Saturday, August 17, 2019

More diverse, more audience-friendly

May 22. 2019
Dionysus
Dionysus
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By Pawit Mahasarinand
SPECIAL TO THE NATION
Singapore

5,844 Viewed

New and very young faces are being seen among the audiences at SIFA 2019

The 2019 edition of the annual Singapore International Festival of Arts (SIFA), formerly known as Singapore Arts Festival (SAF), opened last Thursday. And while there are fewer posters in public or non-arts spaces, there are plenty of new faces among the audience, and that’s thanks in part to festival director Gaurav Kripalani’s curation, which seems to live up to the promise that there’s something for everyone.

 

At the Victoria Theatre, Japanese theatre director Tadashi Suzuki made a rare visit to Singapore, and indeed Southeast Asia, for the staging of his “Dionysus”, an adaptation of ancient Greek tragedian Euripedes’ “The Bacchae”. Three years in the making, the production was put out by veteran Indonesian producer Restu Imansari Kusumaningrum and her team at Bali Purnati Foundation. She was also behind Robert Wilson’s “I La Galigo” 15 years ago and gave a talk on intercultural projects at the Festival House on Monday when she revealed that 16 Indonesian performers underwent the Suzuki method of actor training workshops for two years before starting their work with the Japanese director. 

 

Soon to be seen at the Theatre Olympics 2019 in Japan, “Dionysus”, with dialogue in Bahasa Indonesia dialects, Mandarin and Japanese reflecting the multinational cast’s mother tongues and with most of the audience relying on the English surtitles, last Saturday afternoon was highly anticipated. The Japanese master of intercultural theatre didn’t let us down and watching his production, live, is always a special treat for any theatre-goer. Suzuki himself also worked with Indonesian costume designer Auguste Soesastro and the result was immaculate. The same can be said for the work of music composer Takada Midori who worked with musicians from many parts of Indonesia. That led some of us to wonder if the production would have been more unique – and less like other Suzuki productions – had the Indonesian actors been allowed to share their diverse backgrounds with the Japanese master.

 

Peter and the Wolf

Singaporean multi-disciplinary artist Ho Tzu Nyen, a new co-curator of Asian Art Biennale in Taiwan, has been presenting his “Critical Dictionary of Southeast Asia” through different forms of arts around the world. The latest was a stage performance “The Mysterious Lai Teck” at the School of the Arts (SOTA) Drama Theatre. The title character was the leader of the Malayan Communist Party in the 1940s who was suspected to have worked as a spy for France, Britain and Japan, and was rumoured to have been killed in Thailand. If this were a Hollywood film, it might have been a fun international thriller. Instead, Ho keenly put his audience in the mix of fact and fiction, aurally and visually, with the help of lighting, projections and a humanoid. The experience was like attending a lecture, and after a while you wondered whether the professor really knew what he was talking about. At the end you felt like the professor wasn’t even there and we’d only been listening to his voice.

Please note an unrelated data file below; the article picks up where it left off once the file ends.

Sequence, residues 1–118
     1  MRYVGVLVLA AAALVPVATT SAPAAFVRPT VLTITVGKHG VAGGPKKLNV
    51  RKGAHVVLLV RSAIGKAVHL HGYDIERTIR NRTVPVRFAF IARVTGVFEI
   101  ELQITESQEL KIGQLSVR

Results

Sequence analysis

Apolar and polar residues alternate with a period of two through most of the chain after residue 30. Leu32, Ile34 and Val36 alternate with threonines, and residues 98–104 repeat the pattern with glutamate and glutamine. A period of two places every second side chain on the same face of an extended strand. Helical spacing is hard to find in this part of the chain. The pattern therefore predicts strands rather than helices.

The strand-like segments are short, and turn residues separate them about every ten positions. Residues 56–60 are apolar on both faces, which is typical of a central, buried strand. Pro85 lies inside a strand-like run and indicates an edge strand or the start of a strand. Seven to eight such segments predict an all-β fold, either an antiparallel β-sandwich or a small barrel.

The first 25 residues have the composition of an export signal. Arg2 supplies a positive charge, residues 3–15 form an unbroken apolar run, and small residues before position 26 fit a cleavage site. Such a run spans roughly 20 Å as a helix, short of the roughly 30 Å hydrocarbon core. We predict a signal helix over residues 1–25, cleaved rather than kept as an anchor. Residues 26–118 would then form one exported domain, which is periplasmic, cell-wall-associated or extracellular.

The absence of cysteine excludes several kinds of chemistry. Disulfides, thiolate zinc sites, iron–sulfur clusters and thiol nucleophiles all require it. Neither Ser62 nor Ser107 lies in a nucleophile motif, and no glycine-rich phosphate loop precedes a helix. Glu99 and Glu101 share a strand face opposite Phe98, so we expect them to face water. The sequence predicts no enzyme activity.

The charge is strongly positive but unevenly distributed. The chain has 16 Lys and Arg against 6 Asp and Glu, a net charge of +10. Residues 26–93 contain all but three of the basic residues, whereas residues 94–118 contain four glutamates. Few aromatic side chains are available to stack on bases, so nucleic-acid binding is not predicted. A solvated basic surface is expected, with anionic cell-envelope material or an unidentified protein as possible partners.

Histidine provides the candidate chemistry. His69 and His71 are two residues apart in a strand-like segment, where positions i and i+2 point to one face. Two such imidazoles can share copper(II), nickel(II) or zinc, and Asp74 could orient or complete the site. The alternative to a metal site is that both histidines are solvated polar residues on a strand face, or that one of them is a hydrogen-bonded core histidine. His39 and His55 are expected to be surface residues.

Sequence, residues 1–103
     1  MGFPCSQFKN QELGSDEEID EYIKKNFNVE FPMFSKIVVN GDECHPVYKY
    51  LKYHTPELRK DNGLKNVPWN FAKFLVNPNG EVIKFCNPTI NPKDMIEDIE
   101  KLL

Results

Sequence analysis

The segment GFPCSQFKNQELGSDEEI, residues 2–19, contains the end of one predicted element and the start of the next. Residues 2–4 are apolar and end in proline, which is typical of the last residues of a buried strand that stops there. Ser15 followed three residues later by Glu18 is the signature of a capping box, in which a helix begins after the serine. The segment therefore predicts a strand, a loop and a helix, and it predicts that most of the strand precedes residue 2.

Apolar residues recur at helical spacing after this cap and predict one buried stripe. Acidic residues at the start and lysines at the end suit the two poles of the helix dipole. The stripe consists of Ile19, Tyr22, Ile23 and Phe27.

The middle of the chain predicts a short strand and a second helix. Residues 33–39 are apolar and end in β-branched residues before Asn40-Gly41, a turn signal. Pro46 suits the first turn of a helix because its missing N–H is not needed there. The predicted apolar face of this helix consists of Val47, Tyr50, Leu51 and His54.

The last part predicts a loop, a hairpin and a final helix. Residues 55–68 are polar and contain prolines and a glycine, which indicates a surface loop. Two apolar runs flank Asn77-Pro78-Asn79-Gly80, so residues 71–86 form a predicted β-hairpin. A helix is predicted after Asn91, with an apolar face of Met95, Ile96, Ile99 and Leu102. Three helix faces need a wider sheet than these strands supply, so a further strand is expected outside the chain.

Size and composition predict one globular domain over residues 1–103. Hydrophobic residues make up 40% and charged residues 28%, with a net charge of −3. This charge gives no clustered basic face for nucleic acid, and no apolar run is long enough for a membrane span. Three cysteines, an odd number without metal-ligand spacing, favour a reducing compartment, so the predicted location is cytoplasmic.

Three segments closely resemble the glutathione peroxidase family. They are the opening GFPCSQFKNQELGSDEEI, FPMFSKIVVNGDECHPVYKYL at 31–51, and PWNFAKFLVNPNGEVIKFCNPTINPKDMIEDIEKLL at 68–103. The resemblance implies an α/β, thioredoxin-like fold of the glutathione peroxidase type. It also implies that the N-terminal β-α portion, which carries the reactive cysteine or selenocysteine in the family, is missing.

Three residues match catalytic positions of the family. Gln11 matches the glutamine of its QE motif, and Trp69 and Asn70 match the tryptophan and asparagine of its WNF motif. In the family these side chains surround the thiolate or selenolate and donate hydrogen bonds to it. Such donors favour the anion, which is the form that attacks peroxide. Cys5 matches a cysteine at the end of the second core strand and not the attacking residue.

The Mysterious Lai Teck

Meanwhile, New Zealand’s Silo Theatre brought “Peter and the Wolf” to the KC Arts Centre in Robertson Quay. A challenge for makers of children theatre productions these days is not only to keep the accompanying adults equally entertained, if not amazed, but also to keep the full attention of media-savvy kids, even for 50 minutes. 

 

Silo Theatre was up to the task here and having a local narrator onstage – it was Kripalani himself last Sunday morning – was a smart trick and a nice treat. The deft mix of stringed puppets and live animation, shot and projected onto the large screen above, as well as the contemporary rearrangement of Sergei Prokofiev’s classical score, performed live, made this show immensely fresh and relatable. 

The long queue of kids, holding their parents’ hands, who wanted to get up close to the puppets and performers after the show was also a good sign for the future audience of this international arts festival now that many of them have enjoyed their first SIFA experience.

The writer’s trip was fully supported by SIFA. Special thanks to Huntington Communications’ Juliana Tan for all kind assistance.

More this weekend and next

- SIFA 2019 continues until June 2. A few highlights this weekend are Shiro Takatani’s “ST/LL”, with music by Ryuichi Sakamoto, who’ll give a talk this evening prior to his soldout concert “Fragments” on Tuesday; and the world premiere of Huzir Sulaiman’s “Displaced Persons’ Welcome Dinner”. Three Thai theatre critics will also join Asian Arts Media Roundtable (AAMR), a SIFA’s affiliate programme. 

- For more details and ticket reservations go to www.Sifa.sg.

 

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